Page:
Anatomy of a Suicide looks at three generations of women in various phases of mental collapse. They line up on a stage that resembles a grey dungeon while sad events unfold around them. The first woman gets pregnant. The second takes heroin. The third argues with a lesbian about a fish. Their lives span several decades but their stories are presented simultaneously, and this tripartite method conceals the plain fact that the events dramatised are too flimsy to merit theatrical portrayal. A soap opera would baulk at such scenes: a druggie teenager bores a cameraman with a list of gloomy soundbites; a female wedding guest is partially seduced by a giggling gatecrasher; a patient in a hospital invites a nurse to eat some haddock.
Writer Alice Birch aims her characterisation at the chicklit crowd. All the females are sympathetic because they’re lost, miserable and a bit whiney. The males are uniformly horrible, aggressive, sentimental boors. With one exception: a black male character who seems so sweet and intelligent that he might be an honorary woman. Each change of scene involves a flash of lesbian titillation. The actresses are stripped to their bikinis by stage hands who pass them fresh costumes to climb into. Some scenes end with a massive CRUMP! and a surge of lights as if to remind us that a momentous art work is in progress. And the actors move to their new positions in super-slow motion, which gives a strong hint that This Play Deserves A Prize. It does, in a way, deserve a prize — for the most obtuse script of the year.
The dialogue has been crafted as an act of sabotage. Rather than editing and refining normal conversation to give it tension, shape and direction, Ms Birch has retained all the banal and pointless detritus of everyday speech. This trick is perfectly easy to accomplish if you have copious quantities of stage time to fill and nothing significant to say. Both conditions are met here. One wonders why the actors agreed to participate in a show that demeans their artistry and sets out, quite deliberately, to discover how thoroughly an audience can be demoralised within a two-hour timescale. And although the production takes itself very seriously, it fails to extend the same courtesy to mental illness. Suicide is treated as one of those things that sort of, you know, kind of happens, like rheumatism or bad teeth. Of the three main characters, two kill themselves and the third seeks a surgeon who can cut out her ovaries for her, as if infertility were the pathway to happiness. Anyone with mental-health problems should avoid this play. It discusses various life-ending techniques and demonstrates one of them on stage. How odd of the Royal Court to create an ode to extinction and a hymn to self-slaughter. If Isis had an Arts Council, this would be among its proudest commissions.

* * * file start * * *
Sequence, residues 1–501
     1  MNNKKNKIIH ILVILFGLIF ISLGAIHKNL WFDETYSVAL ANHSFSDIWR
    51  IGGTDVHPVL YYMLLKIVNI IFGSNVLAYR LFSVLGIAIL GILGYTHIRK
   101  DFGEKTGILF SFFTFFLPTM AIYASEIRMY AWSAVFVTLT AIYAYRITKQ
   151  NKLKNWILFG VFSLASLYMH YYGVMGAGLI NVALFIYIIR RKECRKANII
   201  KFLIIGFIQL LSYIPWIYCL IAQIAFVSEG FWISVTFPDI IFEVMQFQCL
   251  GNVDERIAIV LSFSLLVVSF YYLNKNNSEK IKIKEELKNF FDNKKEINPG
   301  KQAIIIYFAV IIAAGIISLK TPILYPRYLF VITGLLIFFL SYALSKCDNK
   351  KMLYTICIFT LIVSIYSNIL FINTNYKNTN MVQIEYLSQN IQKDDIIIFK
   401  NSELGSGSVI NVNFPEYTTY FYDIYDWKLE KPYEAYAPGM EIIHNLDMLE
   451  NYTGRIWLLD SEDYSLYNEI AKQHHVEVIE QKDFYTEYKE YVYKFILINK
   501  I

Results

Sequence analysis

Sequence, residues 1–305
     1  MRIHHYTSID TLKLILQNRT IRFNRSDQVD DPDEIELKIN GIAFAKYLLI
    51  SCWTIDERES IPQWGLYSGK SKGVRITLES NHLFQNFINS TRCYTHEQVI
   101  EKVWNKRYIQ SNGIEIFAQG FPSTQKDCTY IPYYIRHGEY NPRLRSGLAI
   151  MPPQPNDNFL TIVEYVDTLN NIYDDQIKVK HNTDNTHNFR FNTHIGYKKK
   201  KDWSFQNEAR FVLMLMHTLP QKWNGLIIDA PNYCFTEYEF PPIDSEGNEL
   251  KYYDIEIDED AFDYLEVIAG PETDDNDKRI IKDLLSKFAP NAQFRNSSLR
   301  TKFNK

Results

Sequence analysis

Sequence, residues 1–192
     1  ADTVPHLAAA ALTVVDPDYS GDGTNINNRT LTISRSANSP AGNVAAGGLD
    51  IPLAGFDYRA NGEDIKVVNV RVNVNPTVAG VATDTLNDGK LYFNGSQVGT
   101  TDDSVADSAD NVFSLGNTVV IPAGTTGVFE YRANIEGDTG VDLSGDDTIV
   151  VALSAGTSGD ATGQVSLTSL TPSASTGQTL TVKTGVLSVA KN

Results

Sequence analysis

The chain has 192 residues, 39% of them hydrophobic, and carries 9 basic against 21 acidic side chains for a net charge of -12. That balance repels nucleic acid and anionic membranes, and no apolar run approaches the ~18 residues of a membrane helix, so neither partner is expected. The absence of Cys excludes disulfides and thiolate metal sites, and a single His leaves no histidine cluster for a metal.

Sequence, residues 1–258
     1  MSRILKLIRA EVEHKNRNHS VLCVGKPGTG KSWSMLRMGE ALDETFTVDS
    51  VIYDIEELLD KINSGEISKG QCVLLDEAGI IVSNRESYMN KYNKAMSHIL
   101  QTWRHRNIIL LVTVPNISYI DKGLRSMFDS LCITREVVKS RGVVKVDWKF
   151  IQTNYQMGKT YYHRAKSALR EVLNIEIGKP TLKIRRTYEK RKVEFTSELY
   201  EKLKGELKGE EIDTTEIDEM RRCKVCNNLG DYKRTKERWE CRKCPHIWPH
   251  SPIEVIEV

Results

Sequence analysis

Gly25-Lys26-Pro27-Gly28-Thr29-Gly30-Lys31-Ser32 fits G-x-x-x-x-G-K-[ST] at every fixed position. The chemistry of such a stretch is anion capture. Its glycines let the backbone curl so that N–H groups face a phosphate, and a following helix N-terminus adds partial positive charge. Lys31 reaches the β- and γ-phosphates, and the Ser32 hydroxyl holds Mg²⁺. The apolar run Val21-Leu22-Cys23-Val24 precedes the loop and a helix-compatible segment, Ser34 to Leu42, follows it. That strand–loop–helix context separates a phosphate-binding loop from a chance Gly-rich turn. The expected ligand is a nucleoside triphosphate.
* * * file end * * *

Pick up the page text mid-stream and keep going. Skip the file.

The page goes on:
Emma Rice’s subtle, clever and fabulously entertaining show, Tristan and Yseult, opens with a chorus of anoraked nerds identifying themselves as ‘the love-spotters’. They belong to ‘The Club of the Unloved’ and the title is spelled out for us in vivid neon lights. Perhaps this is a sly dig at the Globe’s management, which is said to have lost patience with Ms Rice’s taste for modern dress, stage lights and electrical instruments played live. But why? This show is a triumphant blend of fun, jokes, pop tunes and satirical slapstick.
Only a couple of drawbacks. The story is short of detailed incident and the three lead actors are not the company’s best strengths. Mike Shepherd is too solemn as King Mark. Yseult, played by Hannah Vassallo, relies too much on her giggly smile and Dominic Marsh’s Tristan is short of energy and grandeur. This leaves a vacuum which the minor players rush to fill. Kyle Lima (Frocin) is an exceptional clown with a wonderfully bendy physique. He may be slim and handsome (both are drawbacks for a physical comic), but he has a terrific way of parading his sexual charisma while parodying it at the same time. Kirsty Woodward, as Whitehands, shimmies around the stage in a Jackie-O outfit making sardonic comments on the action. Best of all is Niall Ashdown as Yseult’s cross-dressing maid, Brangian. His comic gift is matched by his absolute mastery of the crowd.
The building itself helps, of course. In some mysterious way the Globe’s atmosphere seems to combine the riotous air of a cup final with the warmth and intimacy of a pub gig. Emma Rice will be a hard act to follow. Her experiments with music, lighting and on-stage acrobatics have stopped the Globe from becoming a museum, or even a mausoleum, of Shakespeare. The snag is that we have only one Globe to play with. Let’s build a replica, dedicate it to musical theatre, and put the newly elevated Dame Emma in charge.
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